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LEAP YEAR PUTS SPRING INTO TOXIC TOADS

May 24, 2016

Fire bellied toad (1300x973)

A colony of toxic fire bellied toads has delighted keepers at Newquay’s Blue Reef Aquarium by laying eggs.

It’s the first time the amphibians have spawned at the Towan Promenade attraction and aquarists are hoping 2016 will prove to be a lucky leap year.

The toads arrived at the aquarium back in March last year as part of a new amphibian display.

Originally from China, Russia and Korea, oriental fire-bellied toads get their name from their distinctive underbellies which they use as a warning to would-be predators that they taste foul.

When a fire-bellied toad senses danger it arches its body, flashing the brilliantly coloured warning spots on its belly. Should provocation continue the toad secretes a milky toxin from hundreds of tiny pores located on its stomach.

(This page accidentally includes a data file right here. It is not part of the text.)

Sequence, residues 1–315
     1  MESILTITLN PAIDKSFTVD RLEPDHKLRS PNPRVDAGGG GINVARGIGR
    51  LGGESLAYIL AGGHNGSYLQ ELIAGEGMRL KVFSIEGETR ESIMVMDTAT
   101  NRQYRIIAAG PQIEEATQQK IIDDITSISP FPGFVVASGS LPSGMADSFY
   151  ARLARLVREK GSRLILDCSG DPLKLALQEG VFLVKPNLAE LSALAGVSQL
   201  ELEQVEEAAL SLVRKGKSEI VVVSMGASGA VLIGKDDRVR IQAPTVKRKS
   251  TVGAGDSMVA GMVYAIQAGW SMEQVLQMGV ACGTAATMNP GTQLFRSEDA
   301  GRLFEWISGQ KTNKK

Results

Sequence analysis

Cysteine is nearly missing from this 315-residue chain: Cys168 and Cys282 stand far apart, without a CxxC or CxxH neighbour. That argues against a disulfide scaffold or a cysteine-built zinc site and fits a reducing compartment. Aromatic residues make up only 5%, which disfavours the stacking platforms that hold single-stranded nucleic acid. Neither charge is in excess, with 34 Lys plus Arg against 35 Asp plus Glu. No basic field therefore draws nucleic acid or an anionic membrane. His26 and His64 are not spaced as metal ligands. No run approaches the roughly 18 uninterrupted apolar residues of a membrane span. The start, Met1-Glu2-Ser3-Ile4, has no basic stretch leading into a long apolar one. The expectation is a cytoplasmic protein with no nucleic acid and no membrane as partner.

Although it is typically referred to as a toad, the fire-bellied toad is actually not a true member of the toad family and is really a type of frog.

Blue Reef Aquarium’s Steve Matchett said: “The toads arrived here more than a year ago but this is the first time they have spawned successfully.

“The spawn is developing well and we’re cautiously optimistic that many of the eggs are fertile,” he added.

Fire-bellied toads usually lay eggs in April and May with metamorphosis peaking in July and August.

Females lay anywhere from 40 to 100 eggs in a large cluster, usually around submerged plants, near the water’s edge.

Tadpoles hatch from the eggs in 3–10 days; depending on the temperature of the water. The larvae begin to develop legs in six to eight weeks, and are fully metamorphosed and begin venturing on land in 12–14 weeks.

In captivity they can live for up to 15 years and there are reports of individuals living for 30 years or more.

Issued by Blue Reef Aquarium. For more information contact Steve Matchett on 01637 878134.